The Greater Victoria Public Library  

The library is a valuable resource for anyone who lives in the Greater Victoria region, and it is especially useful for newcomers. In addition to lending out books and DVDs, they also provide users with free computer and internet access. From family story time to sessions dedicated to helping newcomers to Canada, the GVPL lists a calendar of events that can really help you get settled. Unsure of how to best use this resource? Book a free one-on-one session with a librarian who will show you the ropes and get you set up online. There are 12 branches throughout the region, and the Central location is right in the heart of the city. Main Branch: 735 Broughton St Victoria, V8W 3H2

Service Canada Office Victoria

Every Canadian resident will need to make their way to a Service Canada office at one point or another. These offices are part of a federal institution called Employment and Social Development Canada, and it is where you go to access many different government services and benefits. You will need to go here to obtain your Social Insurance Number (SIN), which you must have before you can start working in any capacity. Address: 1401 Douglas Street, Victoria, BC V8W 2G2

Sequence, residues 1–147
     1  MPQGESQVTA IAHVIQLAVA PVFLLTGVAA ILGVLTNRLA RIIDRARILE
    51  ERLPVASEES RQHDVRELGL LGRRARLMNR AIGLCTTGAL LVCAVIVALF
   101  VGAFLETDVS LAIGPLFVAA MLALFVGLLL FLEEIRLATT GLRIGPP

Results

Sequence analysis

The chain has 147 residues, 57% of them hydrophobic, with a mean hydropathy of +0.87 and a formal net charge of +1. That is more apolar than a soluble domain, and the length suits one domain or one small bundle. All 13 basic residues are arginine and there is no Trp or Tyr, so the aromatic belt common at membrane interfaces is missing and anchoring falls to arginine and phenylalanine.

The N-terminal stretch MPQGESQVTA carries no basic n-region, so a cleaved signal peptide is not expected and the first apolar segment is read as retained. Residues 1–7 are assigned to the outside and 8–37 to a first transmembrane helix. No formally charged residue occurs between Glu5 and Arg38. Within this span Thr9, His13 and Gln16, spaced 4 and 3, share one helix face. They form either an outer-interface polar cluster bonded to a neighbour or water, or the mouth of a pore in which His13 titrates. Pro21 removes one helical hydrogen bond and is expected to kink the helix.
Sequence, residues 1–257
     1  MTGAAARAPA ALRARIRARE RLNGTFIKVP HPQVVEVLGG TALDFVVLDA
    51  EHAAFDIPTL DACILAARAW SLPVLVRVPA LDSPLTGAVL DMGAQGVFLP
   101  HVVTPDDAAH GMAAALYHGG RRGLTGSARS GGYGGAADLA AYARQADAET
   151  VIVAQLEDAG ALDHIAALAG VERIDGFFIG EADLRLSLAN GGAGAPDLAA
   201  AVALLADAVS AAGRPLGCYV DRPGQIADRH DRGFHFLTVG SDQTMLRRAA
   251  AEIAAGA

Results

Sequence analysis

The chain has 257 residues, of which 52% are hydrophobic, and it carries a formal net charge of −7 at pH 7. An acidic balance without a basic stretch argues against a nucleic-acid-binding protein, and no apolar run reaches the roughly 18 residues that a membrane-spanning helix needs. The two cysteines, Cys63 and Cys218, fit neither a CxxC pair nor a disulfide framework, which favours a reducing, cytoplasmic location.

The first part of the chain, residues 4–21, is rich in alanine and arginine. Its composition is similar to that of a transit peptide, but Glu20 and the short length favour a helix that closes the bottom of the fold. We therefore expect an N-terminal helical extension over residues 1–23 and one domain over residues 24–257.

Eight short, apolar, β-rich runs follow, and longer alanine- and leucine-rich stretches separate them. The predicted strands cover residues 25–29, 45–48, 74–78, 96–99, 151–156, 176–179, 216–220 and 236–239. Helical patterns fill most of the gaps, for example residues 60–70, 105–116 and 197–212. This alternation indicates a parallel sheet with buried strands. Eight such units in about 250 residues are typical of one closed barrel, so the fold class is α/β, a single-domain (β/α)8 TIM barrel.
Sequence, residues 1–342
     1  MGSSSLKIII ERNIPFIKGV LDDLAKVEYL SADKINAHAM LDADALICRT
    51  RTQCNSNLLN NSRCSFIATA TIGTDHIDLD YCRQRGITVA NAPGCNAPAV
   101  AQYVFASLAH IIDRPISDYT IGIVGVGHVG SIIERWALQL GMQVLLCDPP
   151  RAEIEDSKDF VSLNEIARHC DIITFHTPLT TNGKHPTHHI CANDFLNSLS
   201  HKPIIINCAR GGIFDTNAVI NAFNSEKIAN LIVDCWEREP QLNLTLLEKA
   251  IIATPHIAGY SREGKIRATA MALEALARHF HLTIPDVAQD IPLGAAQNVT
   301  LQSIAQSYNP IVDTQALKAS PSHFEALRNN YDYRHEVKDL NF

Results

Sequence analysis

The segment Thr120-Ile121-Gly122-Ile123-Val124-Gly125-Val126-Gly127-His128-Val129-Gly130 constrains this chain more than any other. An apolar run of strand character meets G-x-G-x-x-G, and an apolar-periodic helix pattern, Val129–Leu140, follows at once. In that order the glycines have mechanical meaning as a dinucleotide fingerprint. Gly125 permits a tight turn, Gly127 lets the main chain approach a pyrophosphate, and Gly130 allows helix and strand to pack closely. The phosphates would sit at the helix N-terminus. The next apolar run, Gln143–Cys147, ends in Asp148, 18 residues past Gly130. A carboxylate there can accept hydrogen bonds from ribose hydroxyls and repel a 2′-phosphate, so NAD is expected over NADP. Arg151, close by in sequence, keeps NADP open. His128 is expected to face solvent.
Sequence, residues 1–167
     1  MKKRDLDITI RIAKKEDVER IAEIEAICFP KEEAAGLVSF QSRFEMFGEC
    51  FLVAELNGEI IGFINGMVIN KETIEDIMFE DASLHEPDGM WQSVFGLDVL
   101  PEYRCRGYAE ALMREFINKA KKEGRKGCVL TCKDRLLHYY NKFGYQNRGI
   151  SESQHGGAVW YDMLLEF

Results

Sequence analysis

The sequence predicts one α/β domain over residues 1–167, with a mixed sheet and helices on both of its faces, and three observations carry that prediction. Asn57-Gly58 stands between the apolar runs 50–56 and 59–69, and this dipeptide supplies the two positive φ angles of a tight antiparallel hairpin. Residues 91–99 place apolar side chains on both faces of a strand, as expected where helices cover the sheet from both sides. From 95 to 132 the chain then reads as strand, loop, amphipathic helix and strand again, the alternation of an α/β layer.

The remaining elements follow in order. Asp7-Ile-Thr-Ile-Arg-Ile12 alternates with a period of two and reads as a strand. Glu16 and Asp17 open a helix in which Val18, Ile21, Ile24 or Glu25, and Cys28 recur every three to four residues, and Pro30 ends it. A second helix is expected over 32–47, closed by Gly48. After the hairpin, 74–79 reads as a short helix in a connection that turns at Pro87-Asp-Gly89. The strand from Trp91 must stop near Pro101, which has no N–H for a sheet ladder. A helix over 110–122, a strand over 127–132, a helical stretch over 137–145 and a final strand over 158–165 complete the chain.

Getting to and from Victoria

Victoria is the westernmost “major” city in Canada, and as a result it can be rather difficult to come here from other places. Since it is located on Vancouver Island, you will need to take a ferry or plane to reach the city. That said, it is connected to Vancouver via the Tsawwassen ferry terminal by more than a dozen sailings per day. It is also very accessible to Seattle by ferry. You can drive your own car on these ferries, walk on as a foot passenger, or take a coach. 

In terms of flying, you have two main choices: you can fly into Victoria International Airport (flights from many different Canadian, American, and sun destination airports), or you can take a seaplane from one of the nearby Gulf Islands, from Vancouver or from Seattle.